West Vancouver Secondary Teacher, Keith Rispin, also recently had a  wonderful experience attending the iPad Summit in Boston, and then sharing his learning with the rest of us.  His observations included:

One little but significant piece of the puzzle, without which all is for not. There was surprisingly little if any discussion on the role of student in this little learning revolution. We talked about how teachers have to change, education systems have to change, teaching practice has to change, the physical aspects of school have to change but NOTHING about how the student will have to change. Sure we talked about what kids should be able to do when they walk out the door but we did not discuss how the learner has to change their practice but there is no need to worry…

I think I stumbled upon a little hint as to how learners will have to change as we move ahead. It lies in the single most important thing I took away from this conference. People need to become “free agent learners” It does not matter if you are student or teacher. Those who will excel in the Twenty-First Century Learning environment, will take on the responsibility for their own learning. The days of being a passive recipient of the information that comes your way is over. Those who don’t, will be left in the dust.

Finally, West Vancouver Secondary Principal, Steve Rauh, was one of several to reflect on the power of Remembrance Day:

West Vancouver Secondary School has a tradition of honour and respect. Each year, we attach a poppy on the Graduation Composites that line our hallways to the photos of our young graduates who died in conflict. This is a very solemn visual.

It is incredible to realize that in some years nearly 10 per cent of the graduating class passed away in this manner. By today’s standard that equates to approximately 38-40 students from each and any of the classes from 2002 to 2012.

It is a pretty amazing and diverse collection of ideas being shared across the district, many stories that would not see such wide audiences without the power of the technology; all stories rooted in the power of face-to-face connections.  I am working in a community of storytellers, and it is wonderful to be part of such a thoughtful community.

Read Full Post »

A year ago we started to talking in detail about 21st century learning and personalized learning (the 3 C’s and the 7 C’s and sometimes the 8 C’s) and, in the process, the focus in our district has been on delving deeper in order to fully understand and embrace the concept of inquiry. While most jurisdictions around the world largely agree with the skills and attributes espoused by those questioning the current educational system, the challenge has been to formulate what this new model tangibly looks like for students in schools. For us, this “inquiry” is helping us define what “it” really is.

For a couple of our schools this rubric created by the Galileo Educational Network is proving to be a very helpful starting point.

Inquiry is another term that can have very different meanings to different people. The Galileo Educational Network sees it as:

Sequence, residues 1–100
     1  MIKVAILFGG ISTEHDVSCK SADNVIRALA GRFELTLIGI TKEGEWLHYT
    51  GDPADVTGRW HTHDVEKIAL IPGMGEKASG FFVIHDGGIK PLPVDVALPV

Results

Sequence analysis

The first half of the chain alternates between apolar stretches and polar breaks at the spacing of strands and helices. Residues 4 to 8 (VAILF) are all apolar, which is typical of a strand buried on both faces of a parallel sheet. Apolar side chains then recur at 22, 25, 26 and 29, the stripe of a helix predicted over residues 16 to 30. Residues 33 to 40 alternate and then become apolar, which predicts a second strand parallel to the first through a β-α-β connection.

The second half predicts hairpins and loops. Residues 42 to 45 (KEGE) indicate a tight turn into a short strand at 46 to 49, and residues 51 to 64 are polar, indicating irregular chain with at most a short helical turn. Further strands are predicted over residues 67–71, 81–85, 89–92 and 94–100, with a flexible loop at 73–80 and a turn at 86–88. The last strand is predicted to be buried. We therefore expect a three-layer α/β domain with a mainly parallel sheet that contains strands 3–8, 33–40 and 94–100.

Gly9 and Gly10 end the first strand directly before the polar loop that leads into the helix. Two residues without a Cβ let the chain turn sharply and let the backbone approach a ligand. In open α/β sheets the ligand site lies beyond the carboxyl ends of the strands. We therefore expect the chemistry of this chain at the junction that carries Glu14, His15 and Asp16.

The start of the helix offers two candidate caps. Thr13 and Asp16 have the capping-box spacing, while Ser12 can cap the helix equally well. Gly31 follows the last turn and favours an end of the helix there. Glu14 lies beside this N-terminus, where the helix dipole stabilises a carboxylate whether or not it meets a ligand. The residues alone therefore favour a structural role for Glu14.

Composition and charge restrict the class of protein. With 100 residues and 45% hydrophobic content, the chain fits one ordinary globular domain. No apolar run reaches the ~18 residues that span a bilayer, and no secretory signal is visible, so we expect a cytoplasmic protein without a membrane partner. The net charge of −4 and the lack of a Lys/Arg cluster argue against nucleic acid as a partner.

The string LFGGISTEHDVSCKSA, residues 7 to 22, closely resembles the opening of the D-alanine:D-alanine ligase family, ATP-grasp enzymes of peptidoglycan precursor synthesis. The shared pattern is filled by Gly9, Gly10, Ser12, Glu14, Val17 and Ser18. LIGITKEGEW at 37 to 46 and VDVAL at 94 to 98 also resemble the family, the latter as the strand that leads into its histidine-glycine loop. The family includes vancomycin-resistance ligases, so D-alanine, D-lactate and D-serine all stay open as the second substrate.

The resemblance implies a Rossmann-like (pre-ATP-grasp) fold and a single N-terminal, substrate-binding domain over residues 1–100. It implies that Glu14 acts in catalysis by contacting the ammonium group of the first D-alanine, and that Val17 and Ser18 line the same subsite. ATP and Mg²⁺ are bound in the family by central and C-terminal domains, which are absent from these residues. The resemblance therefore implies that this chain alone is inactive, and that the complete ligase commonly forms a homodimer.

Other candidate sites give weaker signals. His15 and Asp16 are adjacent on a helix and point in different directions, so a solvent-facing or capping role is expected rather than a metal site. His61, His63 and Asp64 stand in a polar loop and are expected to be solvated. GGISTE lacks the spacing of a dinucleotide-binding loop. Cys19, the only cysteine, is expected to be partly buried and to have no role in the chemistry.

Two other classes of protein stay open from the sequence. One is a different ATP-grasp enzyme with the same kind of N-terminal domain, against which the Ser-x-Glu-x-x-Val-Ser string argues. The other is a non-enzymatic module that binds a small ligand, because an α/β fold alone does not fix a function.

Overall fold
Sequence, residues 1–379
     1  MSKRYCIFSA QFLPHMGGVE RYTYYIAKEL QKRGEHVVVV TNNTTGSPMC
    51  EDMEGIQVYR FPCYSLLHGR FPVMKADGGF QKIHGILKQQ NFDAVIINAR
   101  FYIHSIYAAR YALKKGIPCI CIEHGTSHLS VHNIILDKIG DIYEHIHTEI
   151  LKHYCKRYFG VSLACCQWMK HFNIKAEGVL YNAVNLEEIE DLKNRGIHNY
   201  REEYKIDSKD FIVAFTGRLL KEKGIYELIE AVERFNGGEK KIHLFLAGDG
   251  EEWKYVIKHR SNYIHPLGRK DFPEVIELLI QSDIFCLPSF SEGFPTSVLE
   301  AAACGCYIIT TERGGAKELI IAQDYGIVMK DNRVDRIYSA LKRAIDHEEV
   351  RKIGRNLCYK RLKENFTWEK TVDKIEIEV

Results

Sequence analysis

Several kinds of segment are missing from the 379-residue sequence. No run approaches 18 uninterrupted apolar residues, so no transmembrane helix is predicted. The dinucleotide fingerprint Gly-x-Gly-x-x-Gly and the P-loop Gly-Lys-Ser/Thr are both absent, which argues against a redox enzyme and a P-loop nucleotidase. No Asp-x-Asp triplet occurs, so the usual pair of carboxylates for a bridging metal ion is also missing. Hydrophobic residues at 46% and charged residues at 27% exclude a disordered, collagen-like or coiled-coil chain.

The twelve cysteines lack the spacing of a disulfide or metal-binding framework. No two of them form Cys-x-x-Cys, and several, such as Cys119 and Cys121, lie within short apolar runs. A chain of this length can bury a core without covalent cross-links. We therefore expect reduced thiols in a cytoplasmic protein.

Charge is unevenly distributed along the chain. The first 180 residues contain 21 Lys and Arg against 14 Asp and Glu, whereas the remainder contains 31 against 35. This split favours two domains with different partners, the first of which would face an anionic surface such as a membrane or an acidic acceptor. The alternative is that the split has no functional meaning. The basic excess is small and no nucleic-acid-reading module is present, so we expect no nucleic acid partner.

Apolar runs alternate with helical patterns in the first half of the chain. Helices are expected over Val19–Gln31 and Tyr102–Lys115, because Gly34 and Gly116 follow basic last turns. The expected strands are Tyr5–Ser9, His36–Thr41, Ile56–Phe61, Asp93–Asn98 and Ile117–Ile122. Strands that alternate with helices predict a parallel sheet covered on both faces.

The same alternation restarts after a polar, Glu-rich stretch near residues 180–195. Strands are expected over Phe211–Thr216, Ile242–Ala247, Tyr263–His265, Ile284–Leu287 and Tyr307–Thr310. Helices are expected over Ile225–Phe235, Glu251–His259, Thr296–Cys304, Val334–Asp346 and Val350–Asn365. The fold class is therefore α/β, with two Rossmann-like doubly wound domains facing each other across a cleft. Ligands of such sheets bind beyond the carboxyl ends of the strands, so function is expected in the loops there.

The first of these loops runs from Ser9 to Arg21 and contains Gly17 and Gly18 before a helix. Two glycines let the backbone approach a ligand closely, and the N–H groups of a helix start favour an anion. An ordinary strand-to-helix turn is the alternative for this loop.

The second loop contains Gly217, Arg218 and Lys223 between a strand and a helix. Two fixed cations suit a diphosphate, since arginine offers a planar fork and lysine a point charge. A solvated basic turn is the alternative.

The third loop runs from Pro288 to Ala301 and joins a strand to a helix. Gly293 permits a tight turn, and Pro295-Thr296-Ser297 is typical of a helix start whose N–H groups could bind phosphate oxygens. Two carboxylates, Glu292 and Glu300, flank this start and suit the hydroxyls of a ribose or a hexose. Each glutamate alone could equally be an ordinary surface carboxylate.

. . .  a dynamic process of being open to wonder and puzzlement and coming to know and understand the world. As such, it is a stance that pervades all aspects of life and is essential to the way in which knowledge is created. Inquiry is based on the belief that understanding is constructed in the process of people working and conversing together as they pose and solve the problems, make discoveries and rigorously testing the discoveries that arise in the course of shared activity.

Inquiry is a study into a worthy question, issue, problem or idea. It is the authentic, real work that someone in the community might tackle. It is the type of work that those working in the disciplines actually undertake to create or build knowledge. Therefore, inquiry involves serious engagement and investigation and the active creation and testing of new knowledge.

In West Vancouver, this process of inquiry is taking several forms. In some places it is well-defined and in others it is more organic. In listening to principals and vice-principals discuss areas of focus for their schools for next year, almost all of the schools have some focus on inquiry.

At Eagle Harbour, the approach is linked to Montessori, while at Cypress Park and West Bay it is connected to the Primary Years Program International Baccalaureate Program (IB). At Rockridge Secondary, they also link their inquiry work to IB, using the Middle Years Program as their foundation. Caulfeild Elementary is launching its IDEC (Inquiry based Digitally Enhanced Community) as a foundation for its school structure. While not as tightly defined, similar thoughtful work is taking place in other schools — many being guided by Understanding by Design (UbD) assessment work. UbD, particularly in the elementary schools, has had a dramatic impact on lesson and unit construction, instruction and assessment. As I have often said, it is some of the most difficult, least glamorous professional learning we can undertake, but it can really improve our practice.

A common theme with inquiry is one that is also true with the conversations around personalized learning — it really redefines the role of the student and teacher and what each of them does in the course of their day. Combined with emerging technologies, this approach to themes and topics is changing what engagement can look like in our schools.

For all who lament the slow speed of change in education, it is fascinating to see how quickly our district is coalescing around inquiry as part of what we do in West Vancouver.

Read Full Post »

Follow

Get every new post delivered to your Inbox.

Join 1,024 other followers